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DNA test, hard bargain with Saudi nets 26/11 prized catch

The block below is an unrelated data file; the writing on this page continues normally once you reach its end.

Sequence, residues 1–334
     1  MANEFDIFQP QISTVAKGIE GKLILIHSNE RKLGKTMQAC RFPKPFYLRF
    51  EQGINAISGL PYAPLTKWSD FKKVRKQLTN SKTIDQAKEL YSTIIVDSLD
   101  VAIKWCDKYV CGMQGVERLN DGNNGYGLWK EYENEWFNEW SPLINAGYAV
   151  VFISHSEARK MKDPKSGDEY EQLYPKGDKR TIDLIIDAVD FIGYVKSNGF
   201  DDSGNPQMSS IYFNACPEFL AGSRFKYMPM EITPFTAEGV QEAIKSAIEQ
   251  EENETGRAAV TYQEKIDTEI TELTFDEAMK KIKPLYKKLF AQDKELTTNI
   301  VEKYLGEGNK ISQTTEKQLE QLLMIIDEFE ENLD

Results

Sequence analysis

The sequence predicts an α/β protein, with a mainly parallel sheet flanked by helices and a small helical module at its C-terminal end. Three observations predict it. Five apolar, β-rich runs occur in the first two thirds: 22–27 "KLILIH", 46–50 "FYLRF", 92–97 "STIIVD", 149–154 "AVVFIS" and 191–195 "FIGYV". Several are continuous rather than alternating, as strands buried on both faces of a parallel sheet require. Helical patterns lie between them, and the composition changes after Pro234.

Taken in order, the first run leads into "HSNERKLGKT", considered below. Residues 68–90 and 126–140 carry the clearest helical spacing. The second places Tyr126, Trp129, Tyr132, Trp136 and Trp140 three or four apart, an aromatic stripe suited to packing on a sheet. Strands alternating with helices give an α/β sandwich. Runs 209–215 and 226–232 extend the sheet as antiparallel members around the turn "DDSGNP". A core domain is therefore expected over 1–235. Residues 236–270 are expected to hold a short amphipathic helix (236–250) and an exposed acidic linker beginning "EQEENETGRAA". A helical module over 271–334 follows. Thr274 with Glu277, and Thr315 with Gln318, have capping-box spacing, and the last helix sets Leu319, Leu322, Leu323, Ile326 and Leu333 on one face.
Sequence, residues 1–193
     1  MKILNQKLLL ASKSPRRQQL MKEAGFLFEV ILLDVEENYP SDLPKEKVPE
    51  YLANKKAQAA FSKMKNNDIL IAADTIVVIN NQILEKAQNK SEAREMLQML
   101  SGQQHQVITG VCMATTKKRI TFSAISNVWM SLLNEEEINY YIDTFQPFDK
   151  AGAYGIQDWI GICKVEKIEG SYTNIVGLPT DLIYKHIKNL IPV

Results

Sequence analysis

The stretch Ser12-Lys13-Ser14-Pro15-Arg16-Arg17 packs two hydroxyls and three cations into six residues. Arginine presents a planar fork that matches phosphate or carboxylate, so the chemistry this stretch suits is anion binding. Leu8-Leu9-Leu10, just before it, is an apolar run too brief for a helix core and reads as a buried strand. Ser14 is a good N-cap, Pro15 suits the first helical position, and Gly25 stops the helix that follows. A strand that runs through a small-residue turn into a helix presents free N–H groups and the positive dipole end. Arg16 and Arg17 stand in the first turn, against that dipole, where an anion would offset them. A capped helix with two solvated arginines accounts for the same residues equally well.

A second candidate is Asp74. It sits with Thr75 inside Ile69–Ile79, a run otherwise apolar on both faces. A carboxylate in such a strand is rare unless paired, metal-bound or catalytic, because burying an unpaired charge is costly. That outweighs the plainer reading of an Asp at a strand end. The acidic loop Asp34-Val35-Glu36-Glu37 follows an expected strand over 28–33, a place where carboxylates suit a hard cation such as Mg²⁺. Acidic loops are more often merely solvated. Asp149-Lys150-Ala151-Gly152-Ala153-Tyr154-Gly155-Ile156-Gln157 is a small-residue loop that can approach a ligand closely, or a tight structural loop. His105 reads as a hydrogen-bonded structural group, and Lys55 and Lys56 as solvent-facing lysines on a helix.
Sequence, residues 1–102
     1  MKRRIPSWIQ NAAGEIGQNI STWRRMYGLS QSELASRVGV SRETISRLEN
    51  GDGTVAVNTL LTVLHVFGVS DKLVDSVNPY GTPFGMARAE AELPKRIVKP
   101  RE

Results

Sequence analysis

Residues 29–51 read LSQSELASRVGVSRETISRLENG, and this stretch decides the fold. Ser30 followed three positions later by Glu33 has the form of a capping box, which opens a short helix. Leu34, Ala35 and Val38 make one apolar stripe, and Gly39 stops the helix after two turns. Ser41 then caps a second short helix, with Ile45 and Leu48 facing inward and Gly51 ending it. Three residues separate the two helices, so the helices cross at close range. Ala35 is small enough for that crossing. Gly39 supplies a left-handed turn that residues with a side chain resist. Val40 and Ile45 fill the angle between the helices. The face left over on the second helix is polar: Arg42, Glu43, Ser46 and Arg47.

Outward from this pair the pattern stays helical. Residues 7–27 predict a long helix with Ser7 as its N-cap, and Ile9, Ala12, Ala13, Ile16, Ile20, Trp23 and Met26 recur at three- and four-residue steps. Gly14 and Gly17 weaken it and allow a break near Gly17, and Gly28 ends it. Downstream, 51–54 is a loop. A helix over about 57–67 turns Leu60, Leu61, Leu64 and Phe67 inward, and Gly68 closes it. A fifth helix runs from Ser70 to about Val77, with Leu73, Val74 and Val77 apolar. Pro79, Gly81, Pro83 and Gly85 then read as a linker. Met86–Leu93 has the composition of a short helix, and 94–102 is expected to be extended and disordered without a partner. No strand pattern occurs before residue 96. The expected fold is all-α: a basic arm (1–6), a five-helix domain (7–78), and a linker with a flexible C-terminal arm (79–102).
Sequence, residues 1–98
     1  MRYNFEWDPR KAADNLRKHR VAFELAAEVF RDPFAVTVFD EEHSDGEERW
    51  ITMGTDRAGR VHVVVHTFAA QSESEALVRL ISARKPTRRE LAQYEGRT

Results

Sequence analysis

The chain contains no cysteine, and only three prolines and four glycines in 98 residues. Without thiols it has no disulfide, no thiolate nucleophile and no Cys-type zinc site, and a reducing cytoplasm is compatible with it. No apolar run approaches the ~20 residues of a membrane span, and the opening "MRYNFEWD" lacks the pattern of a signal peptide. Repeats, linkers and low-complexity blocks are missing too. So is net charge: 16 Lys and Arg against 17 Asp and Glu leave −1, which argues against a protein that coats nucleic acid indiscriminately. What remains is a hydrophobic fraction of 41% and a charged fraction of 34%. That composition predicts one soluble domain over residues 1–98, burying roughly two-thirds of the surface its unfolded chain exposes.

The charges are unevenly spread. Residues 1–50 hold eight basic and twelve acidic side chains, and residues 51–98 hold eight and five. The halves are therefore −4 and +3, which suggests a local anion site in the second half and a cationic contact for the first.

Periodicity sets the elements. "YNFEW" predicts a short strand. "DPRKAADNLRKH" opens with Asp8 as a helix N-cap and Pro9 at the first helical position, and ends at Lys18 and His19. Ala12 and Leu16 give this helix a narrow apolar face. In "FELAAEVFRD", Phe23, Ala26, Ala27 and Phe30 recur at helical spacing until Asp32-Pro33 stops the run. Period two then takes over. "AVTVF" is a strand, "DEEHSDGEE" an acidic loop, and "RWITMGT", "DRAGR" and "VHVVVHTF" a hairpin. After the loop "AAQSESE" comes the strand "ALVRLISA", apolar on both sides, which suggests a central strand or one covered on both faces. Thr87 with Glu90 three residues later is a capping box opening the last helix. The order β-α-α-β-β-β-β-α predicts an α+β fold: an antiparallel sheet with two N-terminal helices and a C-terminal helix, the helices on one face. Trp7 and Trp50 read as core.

In one of their most complex and intriguing operations lately, Indian intelligence agencies tracked 26/11 accused Abu Jundal alias Zaibuddin Ansari to Saudi Arabia and brought him to Delhi on June 21. The operation took nearly a year, and involved intense negotiations with an otherwise indifferent Saudi Arabia. It also involved a DNA test, a senior intelligence official told HT requesting anonymity. Pakistan apparently spent its last ounce of diplomatic sweat, trying to pressure Saudi authorities into releasing Abu Jundal. Believed to be one of the handlers who directed the Mumbai carnage from a ‘control room’ in Karachi, Jundal is also suspected of having trained the 10 terrorists including Ajmal Kasab, who confessed to having learnt some Hindi from this handler. Indian intelligence agencies had tracked Jundal to Saudi Arabia on a tip-off about a year ago. But early attempts to get his custody failed because although he is from Beed in Maharashtra, he had travelled to Saudi Arabia on a Pakistani passport. For months, Pakistan’s ISI exerted immense pressure on Saudi, a home ministry official told HT. It did not want Jundal to be handed over to India at any cost. He was too prized a catch: A Lashkar-e-Taiba insider who could expose the role of ‘state actors’ in the Mumbai attack. Soon after 26/11, when Kasab's capture and arrest had exposed Pakistan's role, President Asif Ali Zardari had famously said that "non-state actors" could have been involved in the Mumbai terror attack. In a diplomatic game that involved three countries, India, too, stepped up pressure and sent several documents to the Saudi authorities to establish that Jundal may be using a Pakistani passport, but was actually an Indian citizen. The clincher was a DNA test. A sample — obtained from Ansari's family — was sent to the Saudi authorities by India, the intelligence source said. Once the test matched, the Pakistani game was up and the Saudi authorities were persuaded at last. Jundal was handed over to an Indian intelligence team which brought him back to Delhi's Indira Gandhi International airport. Jundal — now remanded to police custody — will help the 26/11 investigation. While Pakistan has evaded providing voice samples of the handlers who controlled the attack from Karachi, India will at least be able to match the voice on the intercept with that of Jundal's.


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